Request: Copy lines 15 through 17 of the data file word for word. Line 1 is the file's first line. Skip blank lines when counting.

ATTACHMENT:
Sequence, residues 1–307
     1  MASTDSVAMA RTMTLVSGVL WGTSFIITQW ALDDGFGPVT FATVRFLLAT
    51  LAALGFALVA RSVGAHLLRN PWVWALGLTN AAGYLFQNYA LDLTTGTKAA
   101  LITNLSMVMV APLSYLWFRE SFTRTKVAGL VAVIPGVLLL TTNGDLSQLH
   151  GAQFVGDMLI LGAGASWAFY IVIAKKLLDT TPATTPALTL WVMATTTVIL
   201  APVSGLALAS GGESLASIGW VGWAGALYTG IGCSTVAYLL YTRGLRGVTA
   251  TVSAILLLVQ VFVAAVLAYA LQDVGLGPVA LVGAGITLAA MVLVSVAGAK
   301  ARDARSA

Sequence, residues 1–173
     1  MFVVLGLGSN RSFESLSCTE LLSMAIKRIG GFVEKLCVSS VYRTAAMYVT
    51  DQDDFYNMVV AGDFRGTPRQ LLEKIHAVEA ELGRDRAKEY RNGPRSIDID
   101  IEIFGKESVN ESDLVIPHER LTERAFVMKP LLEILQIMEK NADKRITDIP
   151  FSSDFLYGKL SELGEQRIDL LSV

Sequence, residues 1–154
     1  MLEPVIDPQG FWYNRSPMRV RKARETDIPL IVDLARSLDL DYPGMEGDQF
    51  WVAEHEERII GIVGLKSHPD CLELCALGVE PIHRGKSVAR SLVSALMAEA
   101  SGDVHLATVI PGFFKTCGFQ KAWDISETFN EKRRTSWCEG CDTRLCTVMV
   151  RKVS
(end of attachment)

     1  MLEPVIDPQG FWYNRSPMRV RKARETDIPL IVDLARSLDL DYPGMEGDQF
    51  WVAEHEERII GIVGLKSHPD CLELCALGVE PIHRGKSVAR SLVSALMAEA
   101  SGDVHLATVI PGFFKTCGFQ KAWDISETFN EKRRTSWCEG CDTRLCTVMV